“In 2013 the co-op was on the verge of collapse because of €7 billion of non-performing loans (NPLs). If Haris Georgiades has been removed would this have helped the NPLs,” President Nicos Anastasiades asked on Sunday in an interview with Haravgi.
“The investigative committee set up to look into the reasons behind the co-op’s downfall did an excellent job but unfortunately there were some contradictions in its conclusions,” the president said.
The report was issued on Wednesday since when political parties have called for the removal of Finance Minister Haris Georgiades as the report put the ultimate blame for the collapse of the co-op on him.
According to the CyBC, Anastasiades reiterated his support for Georgiades and said he always acted with transparency, reporting everything to the council of ministers.
Anastasiades repeated that problems at the co-op were created because of the high level of NPLs, which mounted because people could not service their loans because of the financial crisis and laws protecting primary residences tied the co-op’s hands.
He said he was informed by Central Bank Governor Chrystalla Georghadji in January 2018 about the problems at the bank, although these were not made public at the time to prevent a run on deposits. It was also just a few days before the presidential elections.
He said EU and ECB officials warned that the co-op was at high risk and had to close.
After NPLs in the co-op reached €7 billion, the government bailed it out to the tune of €1.5 billion, later pouring in a further €175 million.
“All those who administered it ruined it,” Anastasiades said of the co-op. “All the parties were fighting over who would be in control”.
As president of Disy before becoming elected as President, Anastasiades said he and his party were also to blame. “Who said this rules out self criticism? This was the system and all served it.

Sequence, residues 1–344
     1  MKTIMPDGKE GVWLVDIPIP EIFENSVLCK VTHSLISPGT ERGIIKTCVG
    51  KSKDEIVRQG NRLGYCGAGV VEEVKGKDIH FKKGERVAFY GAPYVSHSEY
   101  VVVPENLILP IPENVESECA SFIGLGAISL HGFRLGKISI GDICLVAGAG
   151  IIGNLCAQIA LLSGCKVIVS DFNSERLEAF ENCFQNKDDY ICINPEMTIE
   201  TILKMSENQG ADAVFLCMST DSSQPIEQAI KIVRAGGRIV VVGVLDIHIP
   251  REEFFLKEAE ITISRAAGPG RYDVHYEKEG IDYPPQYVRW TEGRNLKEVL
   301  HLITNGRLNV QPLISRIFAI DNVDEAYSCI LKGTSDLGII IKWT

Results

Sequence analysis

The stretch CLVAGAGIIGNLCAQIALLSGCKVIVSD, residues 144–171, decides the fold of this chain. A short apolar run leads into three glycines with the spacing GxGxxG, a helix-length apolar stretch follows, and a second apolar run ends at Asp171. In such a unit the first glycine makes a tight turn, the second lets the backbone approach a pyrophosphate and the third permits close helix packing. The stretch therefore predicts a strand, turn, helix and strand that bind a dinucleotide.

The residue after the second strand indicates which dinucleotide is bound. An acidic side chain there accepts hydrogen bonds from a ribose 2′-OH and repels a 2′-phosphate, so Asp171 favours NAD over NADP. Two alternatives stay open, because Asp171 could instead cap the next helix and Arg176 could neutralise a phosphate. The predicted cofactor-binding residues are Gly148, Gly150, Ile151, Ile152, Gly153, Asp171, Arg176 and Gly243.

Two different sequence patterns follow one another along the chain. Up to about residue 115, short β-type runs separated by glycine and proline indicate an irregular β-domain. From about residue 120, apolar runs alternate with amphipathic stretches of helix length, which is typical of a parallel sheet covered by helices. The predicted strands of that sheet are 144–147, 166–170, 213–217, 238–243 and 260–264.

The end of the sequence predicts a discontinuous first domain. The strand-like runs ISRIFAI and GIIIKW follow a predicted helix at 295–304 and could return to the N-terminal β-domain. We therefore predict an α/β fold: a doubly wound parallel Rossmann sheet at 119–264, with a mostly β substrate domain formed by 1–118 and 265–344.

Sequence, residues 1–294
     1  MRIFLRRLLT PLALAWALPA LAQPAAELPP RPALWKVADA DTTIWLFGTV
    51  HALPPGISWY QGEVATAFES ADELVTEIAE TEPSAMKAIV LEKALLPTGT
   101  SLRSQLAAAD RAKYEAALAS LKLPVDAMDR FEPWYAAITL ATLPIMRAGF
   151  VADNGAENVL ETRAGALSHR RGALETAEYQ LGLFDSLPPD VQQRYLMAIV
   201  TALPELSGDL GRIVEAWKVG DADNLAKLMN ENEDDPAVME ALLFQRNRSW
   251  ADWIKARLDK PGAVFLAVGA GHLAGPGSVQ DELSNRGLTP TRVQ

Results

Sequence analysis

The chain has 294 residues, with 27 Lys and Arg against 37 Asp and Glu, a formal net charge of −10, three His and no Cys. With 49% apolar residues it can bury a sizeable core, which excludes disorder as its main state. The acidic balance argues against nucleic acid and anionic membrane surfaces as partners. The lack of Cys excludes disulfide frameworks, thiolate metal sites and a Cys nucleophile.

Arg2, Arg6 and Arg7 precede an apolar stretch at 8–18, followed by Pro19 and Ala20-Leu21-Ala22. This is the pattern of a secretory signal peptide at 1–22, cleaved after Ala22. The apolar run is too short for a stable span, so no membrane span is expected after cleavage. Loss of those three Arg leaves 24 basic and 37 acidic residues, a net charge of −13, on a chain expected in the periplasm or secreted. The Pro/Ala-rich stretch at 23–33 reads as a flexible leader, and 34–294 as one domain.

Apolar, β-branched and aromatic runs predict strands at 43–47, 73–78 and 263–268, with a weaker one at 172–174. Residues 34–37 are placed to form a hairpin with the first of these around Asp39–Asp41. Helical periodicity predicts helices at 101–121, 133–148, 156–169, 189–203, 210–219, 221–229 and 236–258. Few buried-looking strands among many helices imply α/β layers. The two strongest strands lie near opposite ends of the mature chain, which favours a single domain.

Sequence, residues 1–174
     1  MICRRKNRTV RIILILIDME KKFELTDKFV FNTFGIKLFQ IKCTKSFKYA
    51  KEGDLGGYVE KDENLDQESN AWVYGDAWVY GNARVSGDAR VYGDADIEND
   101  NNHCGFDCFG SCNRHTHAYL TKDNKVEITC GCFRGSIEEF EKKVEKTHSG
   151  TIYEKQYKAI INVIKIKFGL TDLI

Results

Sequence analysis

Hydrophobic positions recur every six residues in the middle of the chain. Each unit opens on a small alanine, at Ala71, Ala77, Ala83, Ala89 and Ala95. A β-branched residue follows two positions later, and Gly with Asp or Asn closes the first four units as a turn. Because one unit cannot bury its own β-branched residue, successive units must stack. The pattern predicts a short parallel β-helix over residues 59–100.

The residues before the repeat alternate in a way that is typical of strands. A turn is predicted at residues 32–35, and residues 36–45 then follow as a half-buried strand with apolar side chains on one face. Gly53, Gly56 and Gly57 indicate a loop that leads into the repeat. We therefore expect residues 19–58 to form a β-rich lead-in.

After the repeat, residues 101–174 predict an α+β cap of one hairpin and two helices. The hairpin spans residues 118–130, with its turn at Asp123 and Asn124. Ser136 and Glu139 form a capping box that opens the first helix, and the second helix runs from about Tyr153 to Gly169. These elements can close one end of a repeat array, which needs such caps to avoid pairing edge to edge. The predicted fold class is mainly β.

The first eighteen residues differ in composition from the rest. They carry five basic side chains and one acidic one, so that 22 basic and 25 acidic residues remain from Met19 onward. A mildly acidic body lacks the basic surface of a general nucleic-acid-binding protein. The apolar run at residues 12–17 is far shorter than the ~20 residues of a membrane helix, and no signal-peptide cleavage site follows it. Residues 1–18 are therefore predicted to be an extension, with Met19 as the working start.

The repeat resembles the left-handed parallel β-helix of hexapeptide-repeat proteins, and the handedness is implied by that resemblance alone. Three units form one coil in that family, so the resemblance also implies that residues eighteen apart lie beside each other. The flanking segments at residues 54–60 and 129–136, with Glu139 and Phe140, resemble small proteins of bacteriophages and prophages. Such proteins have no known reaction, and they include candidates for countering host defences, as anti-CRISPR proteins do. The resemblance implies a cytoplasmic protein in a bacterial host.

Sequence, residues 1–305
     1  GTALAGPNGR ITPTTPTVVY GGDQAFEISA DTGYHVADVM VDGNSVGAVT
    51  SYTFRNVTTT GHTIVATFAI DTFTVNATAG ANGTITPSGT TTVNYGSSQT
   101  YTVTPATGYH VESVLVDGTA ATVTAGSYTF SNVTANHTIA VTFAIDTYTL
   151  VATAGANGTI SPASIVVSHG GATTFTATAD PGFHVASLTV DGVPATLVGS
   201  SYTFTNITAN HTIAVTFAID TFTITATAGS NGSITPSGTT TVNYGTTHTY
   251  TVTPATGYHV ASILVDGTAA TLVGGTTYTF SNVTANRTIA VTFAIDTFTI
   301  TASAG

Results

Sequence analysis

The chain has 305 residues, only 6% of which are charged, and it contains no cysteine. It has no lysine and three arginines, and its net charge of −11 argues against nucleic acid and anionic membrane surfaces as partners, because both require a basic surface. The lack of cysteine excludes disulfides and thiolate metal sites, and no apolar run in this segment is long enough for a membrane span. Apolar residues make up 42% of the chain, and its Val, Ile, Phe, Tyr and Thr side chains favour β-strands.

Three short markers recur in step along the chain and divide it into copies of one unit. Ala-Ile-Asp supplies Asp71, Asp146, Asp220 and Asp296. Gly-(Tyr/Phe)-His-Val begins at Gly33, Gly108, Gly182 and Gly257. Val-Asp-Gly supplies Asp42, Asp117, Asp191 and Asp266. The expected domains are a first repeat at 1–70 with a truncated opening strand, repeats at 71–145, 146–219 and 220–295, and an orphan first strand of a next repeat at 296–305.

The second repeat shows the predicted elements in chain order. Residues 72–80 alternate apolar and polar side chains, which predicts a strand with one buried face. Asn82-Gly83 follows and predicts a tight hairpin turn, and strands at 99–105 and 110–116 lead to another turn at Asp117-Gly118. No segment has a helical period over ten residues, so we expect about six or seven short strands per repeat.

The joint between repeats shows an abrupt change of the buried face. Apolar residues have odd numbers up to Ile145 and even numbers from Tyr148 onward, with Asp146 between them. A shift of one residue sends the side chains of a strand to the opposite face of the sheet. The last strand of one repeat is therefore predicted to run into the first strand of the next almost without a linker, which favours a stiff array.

Meanwhile, on Sunday daily Phileleftheros reported that Auditor general Odysseas Micahelides also blamed Georgiades for the co-op collapse.
“The President has already decided to give full support to his minister, and the minister has made it clear that he believes not only that he has no responsibilities but also that he should be given credit,” Michaelides told the paper.
“The Committee explained that the co-op could have been saved and privatised, instead, because of mistakes, omissions, inactivity, incompetence and criminal negligence – the words of the Committee – was led to a forced sale with a pistol at its temple.
“The fact that this sale made to a single buyer who negotiated from a position of power, secured deposits and prevented disorderly dissolution, obviously does not negate the heavy responsibilities the committee found against the finance minister,” he continued.
The fact that the audit service was not allowed to go over the co-op books, Michaelides said was “a victory for Haris Georgiades, who had a mania for not letting us get under his feet.”